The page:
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Bipolar Disorder: How to Help with Mental Health First Aid

You know that feeling when everything is going great, and suddenly you realize you’re 10 minutes late for an appointment, someone is rude to you or you drop everything you’re carrying? You know how that irritation can send you spiraling? We all experience mood swings and everyday ups and downs, but that’s not the same as a mood disorder.  

According to the Mental Health First Aid (MHFA) curriculum, mood disorders are characterized by the elevation or lowering of a person’s mood. Bipolar disorder is a common mood disorder with distinct variations. The Depression and Bipolar Support Alliance identify five types – bipolar I, bipolar II, cyclothymic disorder, bipolar not otherwise specified (NOS) and rapid cycling. Bipolar I, for example, is marked by extreme mood swings and manic episodes that last at least a week, usually followed by a depressive episode lasting at least two weeks. These symptoms are often characterized by changes in sleep, energy level and the ability to think clearly. 

Bipolar disorder is more prevalent than you may think. According to Mental Health First Aid, about 2.8% of adults in the U.S. experienced bipolar disorder in the past year, and it may account for 25% of all completed suicides.  

Only a medical or mental health professional can diagnose bipolar disorder. As a Mental Health First Aider, you do not diagnose or treat, however you can still use the MHFA Action Plan (ALGEE) to #BeTheDifference to someone who seems to be struggling. 

Assess for risk of suicide or harm. 

If someone appears to be exhibiting signs of mania or depression, approach them about your concerns. Signs of crisis include suicidal thoughts and behaviors, nonsuicidal self-injury and aggression.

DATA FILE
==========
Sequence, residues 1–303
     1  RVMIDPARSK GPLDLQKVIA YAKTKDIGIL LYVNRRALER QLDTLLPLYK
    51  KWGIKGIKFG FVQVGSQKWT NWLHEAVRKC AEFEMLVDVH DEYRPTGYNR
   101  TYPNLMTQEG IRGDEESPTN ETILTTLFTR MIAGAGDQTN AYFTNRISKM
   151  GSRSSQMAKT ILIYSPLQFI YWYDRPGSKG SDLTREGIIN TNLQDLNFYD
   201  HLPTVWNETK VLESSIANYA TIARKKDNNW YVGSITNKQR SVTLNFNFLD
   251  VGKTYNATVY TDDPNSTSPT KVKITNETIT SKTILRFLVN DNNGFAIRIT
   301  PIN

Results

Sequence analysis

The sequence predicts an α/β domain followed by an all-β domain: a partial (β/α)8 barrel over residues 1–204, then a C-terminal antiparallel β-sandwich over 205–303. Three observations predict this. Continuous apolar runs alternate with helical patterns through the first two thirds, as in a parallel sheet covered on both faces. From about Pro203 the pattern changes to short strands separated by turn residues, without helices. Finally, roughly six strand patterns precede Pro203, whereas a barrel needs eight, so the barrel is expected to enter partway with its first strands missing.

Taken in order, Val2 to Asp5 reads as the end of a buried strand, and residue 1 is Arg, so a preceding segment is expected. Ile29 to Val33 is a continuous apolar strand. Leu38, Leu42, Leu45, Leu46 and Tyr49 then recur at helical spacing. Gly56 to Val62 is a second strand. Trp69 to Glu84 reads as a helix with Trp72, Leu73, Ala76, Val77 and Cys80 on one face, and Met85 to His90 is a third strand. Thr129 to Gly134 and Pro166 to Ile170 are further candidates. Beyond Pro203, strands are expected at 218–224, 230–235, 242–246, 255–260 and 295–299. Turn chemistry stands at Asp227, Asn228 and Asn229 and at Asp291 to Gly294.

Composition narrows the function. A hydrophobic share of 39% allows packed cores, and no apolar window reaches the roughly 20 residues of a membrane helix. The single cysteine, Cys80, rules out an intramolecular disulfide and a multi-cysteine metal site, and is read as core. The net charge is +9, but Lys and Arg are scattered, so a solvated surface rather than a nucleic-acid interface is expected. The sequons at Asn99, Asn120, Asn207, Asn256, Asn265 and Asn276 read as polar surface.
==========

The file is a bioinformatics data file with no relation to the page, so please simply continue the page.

If the person says they are considering suicide, or you think they may be, it is a crisis and you should call 911. Do NOT leave them alone!  

Listen nonjudgmentally.  

If the person is not in crisis, engage them in conversation. Take the time to actively listen and understand what they’re saying.  

A few tips for listening nonjudgmentally from MHFA include:  

  1. Ask open-ended questions (“How are you feeling?”) rather than leading questions (“You’re feeling sad, aren’t you?”) 
  2. Do not try to finish the person’s sentences. 
  3. Use short and simple statements or questions. 
  4. Give the person time to think about what has been said or to express themselves. 

Give reassurance and information. 

Show your concern by offering reassuring statements like, “Thank you for sharing your experience with me. A lot of people have reported similar signs and symptoms, and they have found help from a professional.” Here are a few tips for effectively communicating during this step:  

  1. Don’t tell someone to “snap out of it” or to “get over it.”  
  2. Do not adopt an overinvolved or overprotective attitude.  
  3. Do not use a patronizing tone of voice or a facial expression that shows an extreme look of concern.  
  4. Do not ignore, disagree with or dismiss the person’s feelings by attempting to say something positive like, “You don’t seem that bad to me.”